Irvine, Calif., July 25, 2006

 

UCI's Persian center names first key appointments

Two internationally recognized scholars fill positions in the Dr. Samuel M. Jordan Center for Persian Studies and Culture

 Nasrin Rahimieh

Two internationally esteemed scholars have joined UCI as endowed professors in the Dr. Samuel M. Jordan Center for Persian Studies and Culture-- Nasrin Rahimieh, a scholar of modern Iranian literature and cinema, and Hossein Omoumi, a scholar of traditional Persian music and accomplished player of the ney, the Persian reed flute.

Rahimieh will serve as director of the center and the Maseeh Chair in Persian Studies and Culture. She is a professor of comparative literature in the School of Humanities. She joins UCI from Canada's McMaster University where she was the humanities dean. Best known for her research on intercultural encounters between Iran and the West, Rahimieh is a global leader in Persian studies and recently was elected president of the International Society for Iranian Studies, a community of more than 500 scholars.

Hossein Omoumi

Omoumi has been hired as the Maseeh Professor in Persian Performing Arts in the Claire Trevor School of the Arts, and comes to UCI from the Seattle-based Haft Dastgah Association, which he founded to preserve classical Persian music tradition. In addition to teaching classical Persian music at the University of Washington in Seattle, UCLA and the University of Paris-Sorbonne, Omoumi has performed in the United States and throughout Europe.

"I am delighted that these distinguished scholars have joined UCI's faculty, realizing the vision of an interdisciplinary center that brings together scholars of Persian history, language, visual culture, arts and literature," said Karen Lawrence, dean of the School of Humanities. "Nasrin Rahimieh's intellectual contributions to Persian studies and her leadership experience will be wonderful assets for the Dr. Samuel M. Jordan Center for Persian Studies and Culture and the university. Professor Rahimieh speaks five languages, and with her linguistic fluency and charisma, she will be a wonderful liaison between the university and the community."

The endowed professorships were created in 2005 by funding from microtechnology pioneer Fariborz Maseeh and the Massiah Foundation. Maseeh pledged $2 million to create these positions and the Dr. Samuel M. Jordan Center for Persian Studies and Culture -- named after a missionary in the early 1900s who became a leading educational figure in Iran. The center is the first interdisciplinary center in the University of California system dedicated entirely to Persian studies not based in a department of Near East or Middle East studies.

Rahimieh's research has explored historic, literary, cinematic and artistic aspects of Iranian culture, with a particular focus on cultural encounters between Iran and the West and the issue of exile. Her 2001 book, "Missing Persians: Discovering Voices in Iranian Cultural Heritage," explores the issue of cultural identity through the narratives of displaced Persians from the 16th century through modern times.

"I am excited to direct the center, particularly at this time when a bridge between Iranian culture and the rest of the world is so desperately needed," said Rahimieh. "This is a wonderful opportunity to reach out to scholars and community organizations in Southern California and internationally to encourage better understanding of Iranian culture in a global context, and I am especially pleased that Hossein Omoumi will be joining me in this endeavor."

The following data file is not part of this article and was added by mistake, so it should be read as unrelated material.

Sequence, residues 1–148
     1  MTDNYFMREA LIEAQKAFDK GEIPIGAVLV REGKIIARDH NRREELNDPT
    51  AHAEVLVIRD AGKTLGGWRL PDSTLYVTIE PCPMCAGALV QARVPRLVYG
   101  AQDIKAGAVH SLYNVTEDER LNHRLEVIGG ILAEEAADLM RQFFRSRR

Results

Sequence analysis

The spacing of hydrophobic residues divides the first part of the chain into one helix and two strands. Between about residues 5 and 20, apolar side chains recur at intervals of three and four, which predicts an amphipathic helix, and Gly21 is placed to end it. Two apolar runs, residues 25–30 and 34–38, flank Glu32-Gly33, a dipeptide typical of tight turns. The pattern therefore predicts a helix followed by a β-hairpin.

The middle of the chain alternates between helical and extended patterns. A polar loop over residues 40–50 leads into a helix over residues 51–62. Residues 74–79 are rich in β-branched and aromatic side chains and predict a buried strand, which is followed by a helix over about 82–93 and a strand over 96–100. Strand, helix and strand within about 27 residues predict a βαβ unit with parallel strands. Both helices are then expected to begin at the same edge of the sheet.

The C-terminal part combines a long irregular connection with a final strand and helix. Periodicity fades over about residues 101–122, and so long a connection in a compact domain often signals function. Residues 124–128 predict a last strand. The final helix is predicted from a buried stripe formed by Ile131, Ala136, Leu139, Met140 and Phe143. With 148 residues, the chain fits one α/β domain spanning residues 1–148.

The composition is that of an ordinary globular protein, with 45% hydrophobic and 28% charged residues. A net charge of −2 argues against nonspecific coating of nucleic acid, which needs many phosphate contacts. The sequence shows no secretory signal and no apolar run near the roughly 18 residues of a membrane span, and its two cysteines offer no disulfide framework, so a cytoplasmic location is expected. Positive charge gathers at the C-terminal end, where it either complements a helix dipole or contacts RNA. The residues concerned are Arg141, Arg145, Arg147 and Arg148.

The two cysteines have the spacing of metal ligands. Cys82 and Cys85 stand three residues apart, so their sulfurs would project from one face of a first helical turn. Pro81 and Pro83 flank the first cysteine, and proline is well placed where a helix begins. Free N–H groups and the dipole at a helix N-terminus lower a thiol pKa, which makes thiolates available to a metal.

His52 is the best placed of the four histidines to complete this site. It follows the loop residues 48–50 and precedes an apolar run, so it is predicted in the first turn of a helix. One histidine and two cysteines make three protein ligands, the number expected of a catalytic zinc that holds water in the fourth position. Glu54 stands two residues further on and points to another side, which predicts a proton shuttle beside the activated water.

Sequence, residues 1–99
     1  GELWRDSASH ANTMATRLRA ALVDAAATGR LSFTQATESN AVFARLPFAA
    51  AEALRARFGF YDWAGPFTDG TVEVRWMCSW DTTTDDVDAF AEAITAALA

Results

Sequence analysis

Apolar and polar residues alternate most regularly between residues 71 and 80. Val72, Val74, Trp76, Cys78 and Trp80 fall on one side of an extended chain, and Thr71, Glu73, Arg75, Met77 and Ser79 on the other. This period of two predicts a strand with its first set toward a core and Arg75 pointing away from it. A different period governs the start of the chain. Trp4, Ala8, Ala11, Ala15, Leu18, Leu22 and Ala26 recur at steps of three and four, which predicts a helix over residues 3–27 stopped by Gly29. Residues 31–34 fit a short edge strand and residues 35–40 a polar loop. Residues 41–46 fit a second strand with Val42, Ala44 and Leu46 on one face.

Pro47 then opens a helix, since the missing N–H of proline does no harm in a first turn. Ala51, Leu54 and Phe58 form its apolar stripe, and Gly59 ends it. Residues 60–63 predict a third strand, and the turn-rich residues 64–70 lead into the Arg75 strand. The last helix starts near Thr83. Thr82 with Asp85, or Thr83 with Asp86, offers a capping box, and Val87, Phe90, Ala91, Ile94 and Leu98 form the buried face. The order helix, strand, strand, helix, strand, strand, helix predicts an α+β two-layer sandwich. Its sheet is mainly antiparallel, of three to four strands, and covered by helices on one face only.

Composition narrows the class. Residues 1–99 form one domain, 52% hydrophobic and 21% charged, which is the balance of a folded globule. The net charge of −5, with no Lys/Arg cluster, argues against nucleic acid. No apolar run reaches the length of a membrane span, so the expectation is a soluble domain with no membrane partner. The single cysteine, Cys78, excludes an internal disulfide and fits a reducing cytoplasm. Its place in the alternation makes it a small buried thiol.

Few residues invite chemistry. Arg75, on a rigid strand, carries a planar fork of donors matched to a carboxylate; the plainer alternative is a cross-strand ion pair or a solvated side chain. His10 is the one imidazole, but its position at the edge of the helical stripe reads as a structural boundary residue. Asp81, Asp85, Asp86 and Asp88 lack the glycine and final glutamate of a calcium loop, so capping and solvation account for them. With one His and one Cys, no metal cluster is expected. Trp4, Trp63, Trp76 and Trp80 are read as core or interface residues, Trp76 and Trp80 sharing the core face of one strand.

Omoumi began studying the Persian ney at age 14 with his father. After 40 years of experience in studying and teaching classical Persian music and architecture, he created a simple and fast method to teach the very complex systems of Persian music. His research has improved the functionality of the ney as well as the tombak and daf, traditional Persian drums. He developed a mechanism that can be added to the ney, enabling the user to play notes that were impossible to create in the past, and he invented a system that adjusts surface tension on the tombak and daf, allowing the player to tune the instruments. Omoumi has performed at the J. Paul Getty Museum in Los Angeles, and at several venues in France, Turkey, Greece, Denmark, Switzerland and England.

"Professor Omoumi brings to the field an extensive interest in and knowledge of Persian music theory, which in itself is an impressive accomplishment given the breadth and depth of this rich, complex musical tradition," said Nohema Fernández, dean of the arts school. "He is one of a handful of senior experts in this field, and having him on our faculty will place us in a unique position in the worldwide ethnomusicological community."

Omoumi is excited to bring his legacy of preserving traditional Persian music to UCI. Though he has a doctorate in architecture, Omoumi says music is his passion.

"Iranian music has beautiful melodic patterns, and it is rich with history because it is largely based on traditional literature and poetry. It is important that we preserve this heritage," Omoumi said. "I look forward to sharing this history with my colleagues at UCI and with the community at large."

Their appointments began July 1. A third endowed professorship also funded by Maseeh, the Howard Baskerville Professor in the School of Humanities, will be filled in the near future.

The center is administered by the School of Humanities, which includes the basic disciplines of language, literature, history, philosophy and visual culture that deal with multiple dimensions of human experience -- individual and social, past and present. The center brings together faculty from across disciplines.

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